It takes a village to raise a child and it takes a village to birth a novel, a gallery exhibition, a dissertation, a music album, and a theatrical production. And I never forget the people who help me. I want to help them in return.

Now to the book at hand.

Amanda Palmer’s book The Art of Asking is more than a how-to-ask-friends-for-help guide. It’s a personal journey of the wonderful payoffs and embarrassing mishaps of a process she’s perfected through trial and error and piles of harrowing vulnerability.

She has learned that trusting her friends and fans implicitly–with her safety, her belongings, her food, and even her places to sleep—comes always with a risk, but even more, comes with an overwhelming outrush of love as her community rises to the occasion.

There will always be someone ready to hurt, steal, or cheat us. But Amanda uses overwhelming evidence that the majority of people genuinely want to help out, honor, and protect her/us/artists.

It’s not an unbreakable rule, and it’s not a method for the faint of heart. Trusting others and letting them catch you (like literal crowd-surfing. But the rewards, I dare say, are deep and wide.

This book is a collection of anecdotes, beginning with Amanda’s first “gig” as a living statue in Boston. She posed as an eight-foot tall bride statue and gave away flowers to the audience. She connected, made eye contact, and silently loved the people who ventured forward to give her a dollar, a note, a token. She learned to view this as an exchange, not as a street artist busking/begging for money.

This has made all the difference in her art and its future.

Later, as Amanda formed her punk cabaret duo, The Dresden Dolls, this same willingness to ask and give and receive between herself and her fans carried her far into the hearts of those who loved her and loved her music.

It wasn’t just a cold exchange of ticket sales and a performer who stood far off on a stage, out of reach in every way. When signing after a show, she often stood up and hugged her fans, comforting, celebrating, and joining them in wherever they were in their life.

Amanda details her journey of falling in love with writer Neil Gaiman, their dating, their marriage, and along with this the fights and dynamics and struggles of learning how to drop her pride and ask even her husband for help when she needs funds to cover a tight spot.

On a personal aside—this relationship was a delightful process to witness, since I’ve been an avid admirer of Neil Gaiman and his work since I first discovered Anansi Boys in college.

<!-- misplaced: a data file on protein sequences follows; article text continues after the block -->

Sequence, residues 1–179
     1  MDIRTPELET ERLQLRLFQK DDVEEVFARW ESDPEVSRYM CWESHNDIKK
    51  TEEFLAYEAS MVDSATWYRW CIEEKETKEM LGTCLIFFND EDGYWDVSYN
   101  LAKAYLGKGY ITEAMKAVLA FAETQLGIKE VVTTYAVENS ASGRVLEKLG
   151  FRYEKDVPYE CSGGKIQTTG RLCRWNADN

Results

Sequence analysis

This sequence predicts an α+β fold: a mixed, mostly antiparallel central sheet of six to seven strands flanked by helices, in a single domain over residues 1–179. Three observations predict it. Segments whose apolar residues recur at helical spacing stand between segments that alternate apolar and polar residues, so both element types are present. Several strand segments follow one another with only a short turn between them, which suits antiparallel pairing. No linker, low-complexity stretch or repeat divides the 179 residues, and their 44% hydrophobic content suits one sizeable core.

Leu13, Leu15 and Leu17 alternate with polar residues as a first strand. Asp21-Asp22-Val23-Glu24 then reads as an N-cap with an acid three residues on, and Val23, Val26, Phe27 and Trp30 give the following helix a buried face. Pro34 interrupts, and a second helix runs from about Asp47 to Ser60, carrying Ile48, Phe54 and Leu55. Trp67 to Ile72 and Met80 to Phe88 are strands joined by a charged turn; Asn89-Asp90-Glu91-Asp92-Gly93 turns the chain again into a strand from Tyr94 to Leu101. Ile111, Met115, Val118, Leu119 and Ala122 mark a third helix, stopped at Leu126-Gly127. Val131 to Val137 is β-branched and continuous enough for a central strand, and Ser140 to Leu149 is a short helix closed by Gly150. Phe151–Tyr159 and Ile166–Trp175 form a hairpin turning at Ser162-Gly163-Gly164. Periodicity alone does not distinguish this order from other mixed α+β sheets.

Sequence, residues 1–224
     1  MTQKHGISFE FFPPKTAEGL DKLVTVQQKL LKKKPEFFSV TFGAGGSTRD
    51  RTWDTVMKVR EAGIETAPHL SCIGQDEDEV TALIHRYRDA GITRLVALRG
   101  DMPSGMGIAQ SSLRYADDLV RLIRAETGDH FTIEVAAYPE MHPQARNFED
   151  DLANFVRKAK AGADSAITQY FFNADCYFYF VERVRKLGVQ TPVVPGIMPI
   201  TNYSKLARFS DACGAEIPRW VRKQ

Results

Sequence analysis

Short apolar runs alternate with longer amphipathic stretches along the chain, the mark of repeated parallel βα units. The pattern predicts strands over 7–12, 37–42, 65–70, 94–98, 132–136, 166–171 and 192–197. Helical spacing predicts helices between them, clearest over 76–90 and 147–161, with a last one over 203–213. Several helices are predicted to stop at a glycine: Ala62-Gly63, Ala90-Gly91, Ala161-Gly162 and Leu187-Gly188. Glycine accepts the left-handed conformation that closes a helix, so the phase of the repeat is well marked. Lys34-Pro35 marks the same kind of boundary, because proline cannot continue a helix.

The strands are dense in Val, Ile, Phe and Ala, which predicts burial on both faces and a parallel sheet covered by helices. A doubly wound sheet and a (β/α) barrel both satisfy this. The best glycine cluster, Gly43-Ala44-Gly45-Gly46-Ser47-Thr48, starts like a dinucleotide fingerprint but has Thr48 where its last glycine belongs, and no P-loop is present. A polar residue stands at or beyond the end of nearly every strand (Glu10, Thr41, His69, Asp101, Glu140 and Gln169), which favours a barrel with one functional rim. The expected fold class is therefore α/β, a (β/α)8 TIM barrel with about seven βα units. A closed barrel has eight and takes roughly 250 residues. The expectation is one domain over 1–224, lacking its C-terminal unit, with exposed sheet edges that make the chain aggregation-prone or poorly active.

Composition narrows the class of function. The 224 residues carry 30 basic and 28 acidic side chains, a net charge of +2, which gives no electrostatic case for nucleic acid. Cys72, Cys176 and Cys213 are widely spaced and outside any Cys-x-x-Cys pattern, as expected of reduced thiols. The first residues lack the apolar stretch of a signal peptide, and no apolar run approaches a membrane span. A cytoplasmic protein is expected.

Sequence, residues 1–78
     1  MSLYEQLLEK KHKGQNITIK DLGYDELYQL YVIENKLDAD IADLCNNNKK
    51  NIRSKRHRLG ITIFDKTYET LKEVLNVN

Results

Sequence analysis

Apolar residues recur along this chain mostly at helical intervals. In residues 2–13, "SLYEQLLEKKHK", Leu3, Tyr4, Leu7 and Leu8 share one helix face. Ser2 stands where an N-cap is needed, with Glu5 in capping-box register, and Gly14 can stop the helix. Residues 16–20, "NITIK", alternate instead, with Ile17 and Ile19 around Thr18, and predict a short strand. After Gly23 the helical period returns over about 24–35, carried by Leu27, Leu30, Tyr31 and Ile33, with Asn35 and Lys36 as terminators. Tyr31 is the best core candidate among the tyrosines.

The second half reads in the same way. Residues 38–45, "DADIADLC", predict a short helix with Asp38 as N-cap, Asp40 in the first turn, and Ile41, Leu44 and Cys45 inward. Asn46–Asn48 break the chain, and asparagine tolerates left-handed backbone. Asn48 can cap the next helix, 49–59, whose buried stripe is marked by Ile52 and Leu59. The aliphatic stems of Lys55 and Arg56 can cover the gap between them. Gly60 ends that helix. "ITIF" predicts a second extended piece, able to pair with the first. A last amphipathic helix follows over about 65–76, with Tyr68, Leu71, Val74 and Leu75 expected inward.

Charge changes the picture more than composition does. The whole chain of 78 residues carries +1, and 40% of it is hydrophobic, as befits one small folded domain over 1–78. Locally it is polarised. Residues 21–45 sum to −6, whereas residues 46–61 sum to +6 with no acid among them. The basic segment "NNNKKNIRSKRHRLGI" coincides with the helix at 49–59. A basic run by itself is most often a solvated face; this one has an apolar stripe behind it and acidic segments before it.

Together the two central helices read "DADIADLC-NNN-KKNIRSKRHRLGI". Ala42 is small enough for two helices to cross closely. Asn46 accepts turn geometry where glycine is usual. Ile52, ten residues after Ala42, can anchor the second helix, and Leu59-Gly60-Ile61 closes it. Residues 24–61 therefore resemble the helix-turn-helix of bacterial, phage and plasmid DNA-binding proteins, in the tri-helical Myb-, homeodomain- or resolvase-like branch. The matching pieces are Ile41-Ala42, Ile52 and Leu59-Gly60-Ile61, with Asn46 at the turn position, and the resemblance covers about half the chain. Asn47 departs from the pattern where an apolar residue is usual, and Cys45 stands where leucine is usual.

Palmer also portrays her close friendship with her mentor, Anthony, and how his love and wisdom guided and grounded her all the way up to this man’s own encounter with a debilitating illness that finally rendered it Amanda’s turn to be the strong one to lean on.

We get to see it all in this book: The world tours, the shows, the ninja-gigs that Amanda creates, plans and enacts overnight, using her Twitter fan-base. It’s a breathtaking wonder to behold.

And yet, there’s nothing braggy or “I’ve-figured-it-all-out” in this book. Amanda has set world records with her success in crowd-funding (via Kickstarter) her own music album at a never-before-seen level and she’s done it through making connections with her fans and loving them in a courageous, brazen way.

I love her vulnerability.

I love her willingness to trust people over and over again. I love her willingness to use herself as a conduit to build a wide-spanning net that unites humanity together in compassion, understanding, and a willingness to pitch in however they can to make something bigger than themselves.

Question: Who should read this book? Answer: Anyone who has trouble asking for help. Anyone who loves to read a victorious, honest, and sometimes hilariously rendered account of an artist’s journey (I laughed out loud and wept during my reading). Anyone aching to be inspired. Anyone who would like a jolt of hope injected into their faith in humanity. Anyone who is a fan of Amanda Palmer’s music. Anyone who feels frightened of reaching out of his/her comfort zone and would enjoy a gentle push.

Hopefully that covers most of you. This is a fantastic book. I recommend it highly.

P.S. For those of you who regularly visit my blog, the quote from the Velveteen Rabbit that I used on my previous Becoming Real post was also used in this book. It’s child-like view of pain was salve to my grieving heart and I owe Amanda my thanks for it.

Becoming Real



The rabbit sighed. He thought it would be a long time before this magic called Real happened to him. He long to become Real, to know what it felt like: and yet the idea of growing shabby and losing his eyes and whiskers was rather sad. He wished that he could become it without these uncomfortable things happening to him.

-The Velveteen Rabbit


My Dad inflates a green latex glove, tapes a smiley face and eyes onto it, then stands it upright on my bedside table with a plastic clip. The smiley glove-doll wobbles beneath the vase of colored roses that my mom has brought for me. I have just left the recovery ward following my emergency surgery. My family is with me. They are standing by me in the midst of this wild grief storm.